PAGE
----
(Literary Masterpieces, Volume 7)

Known for his passionate evocations of ancient Greek heroes, myths, and values and remembered for his tragic madness during the last thirty-seven years of his life, Friedrich Hölderlin is a poet shrouded in remoteness and abstract language for most modern readers—German as well as English. Nevertheless, he has always exercised a great fascination for poets and serious readers because of his intense dedication to the art of language in philosophical fiction, poetic drama, and lyric verse in a variety of forms. He is an artist driven to pursue the secret of being, a truth that constantly eludes him but which he seems to believe may be captured by realizing the spirit of beauty through inspired recreations of Hellenic vision. This search for the “absent” endears him to those contemporary writers and literary theorists who have come to believe that literature’s main purpose is to deal with the loss or absence of meaning generated by its own activity.

Whereas modernism is characterized by alienation and linguistic dispersion, Hölderlin’s poetic search for meaning is centered in a strong religious belief that Spirit (what the Germans call Geist) can be recovered through a cultivation of what classical Greece had discovered to be essential to the perfection of human existence. To search for beauty in composure, balance, and a harmonious sense of oneness with the ultimately benign power of nature was the promise of Greek sensibility. The Good, in other words, was there for the having if only the self-destructive tendencies of mood and “benighted” temperament could be overcome. Hölderlin never really overcame his own benightedness, but this very failure to reach the Good that he always saw over the horizons of his poems lends his work a uniquely tragic air.

David Constantine speculates that the sense of loss in Hölderlin goes back to the coldness of his mother, who gave him little affection as a child and held back his patrimony when he matured. She wanted him to enter the church, but he had come to hate the dogma of his religious education. In his later youth, he kept his mother at a respectful distance. He fell in love with the beautiful wife of his employer, a businessman whose children he tutored. Susette Gontard gave him unbridled love and encouraged Hölderlin in the belief that in the enjoyment of their love he was actually bringing into perfection the promise of that higher Good his Hellenism had inspired. Susette herself became the inspiration for Diotima, the heroine of his novel Hyperion oder der Eremit in Griechenland (1797, 1799; Hyperion: Or, The Hermit in Greece, 1965), which he was seeing through several evolving versions. What she taught him was that life was finally greater than art. Paradoxically, this discovery strengthened his art, because it gave him a sense of limitations and enabled him to grasp the importance of accepting loss and imperfection as humanizing qualities—qualities without which a poet could...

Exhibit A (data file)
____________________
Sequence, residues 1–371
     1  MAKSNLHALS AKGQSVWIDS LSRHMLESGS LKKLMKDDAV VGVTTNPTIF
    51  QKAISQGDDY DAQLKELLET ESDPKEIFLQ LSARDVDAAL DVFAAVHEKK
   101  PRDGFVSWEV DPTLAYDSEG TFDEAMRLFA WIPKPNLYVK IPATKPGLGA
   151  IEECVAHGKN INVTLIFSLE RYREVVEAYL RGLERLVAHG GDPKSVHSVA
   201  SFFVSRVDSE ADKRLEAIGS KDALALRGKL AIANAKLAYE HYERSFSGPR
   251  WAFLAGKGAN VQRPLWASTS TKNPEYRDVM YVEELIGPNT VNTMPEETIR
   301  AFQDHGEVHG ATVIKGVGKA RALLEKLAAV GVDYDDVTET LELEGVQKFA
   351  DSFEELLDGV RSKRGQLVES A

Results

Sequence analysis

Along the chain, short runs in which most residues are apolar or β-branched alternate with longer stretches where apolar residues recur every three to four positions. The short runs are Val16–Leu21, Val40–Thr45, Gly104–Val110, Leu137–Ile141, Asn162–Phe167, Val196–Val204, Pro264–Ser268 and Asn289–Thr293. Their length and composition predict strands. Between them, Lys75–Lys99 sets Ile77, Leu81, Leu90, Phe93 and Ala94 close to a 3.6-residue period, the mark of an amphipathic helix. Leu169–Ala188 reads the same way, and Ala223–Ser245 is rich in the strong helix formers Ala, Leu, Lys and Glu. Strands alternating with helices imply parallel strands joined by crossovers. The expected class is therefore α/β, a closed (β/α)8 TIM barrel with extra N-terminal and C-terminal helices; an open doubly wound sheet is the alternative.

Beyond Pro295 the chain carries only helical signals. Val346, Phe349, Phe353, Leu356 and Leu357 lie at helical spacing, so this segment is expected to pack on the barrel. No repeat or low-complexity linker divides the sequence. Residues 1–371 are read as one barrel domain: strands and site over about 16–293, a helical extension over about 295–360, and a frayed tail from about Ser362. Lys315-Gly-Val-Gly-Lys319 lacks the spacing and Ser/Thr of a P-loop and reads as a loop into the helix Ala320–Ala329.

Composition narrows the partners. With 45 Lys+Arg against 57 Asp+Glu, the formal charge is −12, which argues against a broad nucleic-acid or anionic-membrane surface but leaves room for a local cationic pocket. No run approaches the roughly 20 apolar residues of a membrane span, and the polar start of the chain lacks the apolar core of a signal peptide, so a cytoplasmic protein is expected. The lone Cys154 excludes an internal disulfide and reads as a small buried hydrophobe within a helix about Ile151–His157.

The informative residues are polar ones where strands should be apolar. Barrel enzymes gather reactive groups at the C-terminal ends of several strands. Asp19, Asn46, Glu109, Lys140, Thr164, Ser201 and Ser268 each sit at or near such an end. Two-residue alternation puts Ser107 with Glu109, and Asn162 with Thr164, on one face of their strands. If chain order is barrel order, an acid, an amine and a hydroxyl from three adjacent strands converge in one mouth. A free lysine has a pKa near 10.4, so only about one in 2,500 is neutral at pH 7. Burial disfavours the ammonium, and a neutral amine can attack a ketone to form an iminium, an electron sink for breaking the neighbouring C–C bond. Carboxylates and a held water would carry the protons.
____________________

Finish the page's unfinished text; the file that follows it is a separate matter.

(The entire section is 1221 words.)


(Literary Masterpieces, Volume 7)

The Times Literary Supplement. October 7, 1988, p. 1106.